Two speakers with ties to Monsanto devoted much of their presentations to criticizing organic farming and food at an educational session that was supposed to focus on agricultural coexistence between organic and other farming systems.
The session, “Embracing Agriculture Co-Existence: Organic, Conventional, and Biotech,” was held at the IFT Annual Meeting and Expo held in Chicago in July.
Annette Maggi, a dietician and food industry consultant, gave a presentation that included a slide saying it was “supported by Monsanto.” She cited a survey by the industry-funded International Food Information Council, which found that few consumers include organic in their definition of “healthy food.” She also cited a 2014 Forbes article, not a published study, showing that 84 percent of organic crops produced lower yields than their conventional counterparts, and that organic crops would require far too much land in order to produce enough food.
However, a published study by researchers at the University of California found that organic yields are about 19.2 percent lower than conventional ones, but that certain practices could reduce that gap to 8 or 9 percent. The study also found no difference in yields between organic and conventional legumes, beans, and peas.
Maggi also claimed that organic foods are not more nutritious than conventional foods, a claim that has been proven wrong by several published studies. One of those studies published in the United Kingdom in 2015 found conclusive evidence that organic crops are up to 60 percent higher in a number of key antioxidants than conventionally-grown ones.
Maggi repeated a wrong and oft-repeated claim that organic farmers use toxic pesticides such as rotenone and others. The reality is that the U.S. Environmental Protection Agency has banned the use of rotenone in the United States.
She cited a study she heard about that claimed low-income mothers felt so much social pressure to buy organic food that they decided not to buy vegetables at all. Maggi gave no source for this dubious study.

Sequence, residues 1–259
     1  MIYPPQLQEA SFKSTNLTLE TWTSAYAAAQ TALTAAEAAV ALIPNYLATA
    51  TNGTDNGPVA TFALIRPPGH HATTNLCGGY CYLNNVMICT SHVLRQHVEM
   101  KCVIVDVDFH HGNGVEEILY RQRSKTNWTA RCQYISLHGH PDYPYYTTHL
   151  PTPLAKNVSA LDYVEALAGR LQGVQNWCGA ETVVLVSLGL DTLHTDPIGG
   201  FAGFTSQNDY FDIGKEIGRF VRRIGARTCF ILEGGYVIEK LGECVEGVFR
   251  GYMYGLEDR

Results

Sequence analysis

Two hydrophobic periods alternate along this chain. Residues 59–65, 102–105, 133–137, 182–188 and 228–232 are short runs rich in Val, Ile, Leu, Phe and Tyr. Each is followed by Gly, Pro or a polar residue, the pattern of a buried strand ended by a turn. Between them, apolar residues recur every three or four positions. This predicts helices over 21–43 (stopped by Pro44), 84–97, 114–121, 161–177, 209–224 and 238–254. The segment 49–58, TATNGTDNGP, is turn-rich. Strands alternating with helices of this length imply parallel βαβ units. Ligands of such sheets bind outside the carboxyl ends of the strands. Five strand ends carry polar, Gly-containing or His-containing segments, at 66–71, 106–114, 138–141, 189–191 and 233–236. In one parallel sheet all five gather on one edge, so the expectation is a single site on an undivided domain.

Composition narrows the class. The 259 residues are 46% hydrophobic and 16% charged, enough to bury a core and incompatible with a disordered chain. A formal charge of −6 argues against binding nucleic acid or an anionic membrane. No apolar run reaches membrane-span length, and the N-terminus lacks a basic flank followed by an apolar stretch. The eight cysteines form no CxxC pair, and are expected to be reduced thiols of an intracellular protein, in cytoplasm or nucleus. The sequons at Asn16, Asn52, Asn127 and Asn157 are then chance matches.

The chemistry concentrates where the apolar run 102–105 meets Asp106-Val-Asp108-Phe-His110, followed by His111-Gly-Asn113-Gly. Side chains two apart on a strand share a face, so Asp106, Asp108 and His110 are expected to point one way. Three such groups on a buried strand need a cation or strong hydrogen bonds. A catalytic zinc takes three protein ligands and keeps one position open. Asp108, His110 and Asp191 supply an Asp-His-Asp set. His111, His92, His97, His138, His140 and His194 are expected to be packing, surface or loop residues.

Maggi also repeated the Monsanto claim that the world will need to produce much more food to meet the needs of a global population by 2050. She said the key to producing more food is to increase crop yields and that biotechnology has been shown to produce higher yields.
“Biotech has increased yields beyond conventional methods,” she said.
Maggi claimed that genetic engineering of foods is “precise,” another claim that has been disputed.
Regarding coexistence of organic, conventional, and organic crops, Maggi said: “There’s no reason they can’t coexist.”
Jennie Schmidt, a farmer and dietician based in Maryland and also supported by Monsanto, continued the organic-bashing. Schmitt, who said she had previously farmed organically, claimed that organic farmers’ use of tillage or plowing was causing soil run-off into the Chesapeake Bay.
“The organic system disturbs soil,” said Schmitt, who was chosen by Monsanto as America’s Farmers Mom of the Year in 2011.
She also claimed that no-till farming is hard to do in organic production even though organic farmers are adopting no-till practices.
Schmidt also claimed that the organic farming system results in higher costs and reduced crop yields that won’t offset the premium prices paid for organic crops.
However, a Washington State University study found that costs for conventional and organic farming are about the same while organic is 22 to 35 percent more profitable for farmers than conventional.
Like Annette Maggi, Schmidt said little about coexistence between organic, conventional, and GMO crops, which was supposed to be the focus of the session.